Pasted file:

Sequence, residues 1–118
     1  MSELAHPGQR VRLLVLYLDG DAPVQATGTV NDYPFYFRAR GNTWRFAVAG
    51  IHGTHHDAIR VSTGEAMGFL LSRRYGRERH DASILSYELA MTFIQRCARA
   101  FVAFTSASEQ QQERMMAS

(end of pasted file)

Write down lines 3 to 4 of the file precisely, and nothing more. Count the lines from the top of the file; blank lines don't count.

    51  IHGTHHDAIR VSTGEAMGFL LSRRYGRERH DASILSYELA MTFIQRCARA
   101  FVAFTSASEQ QQERMMAS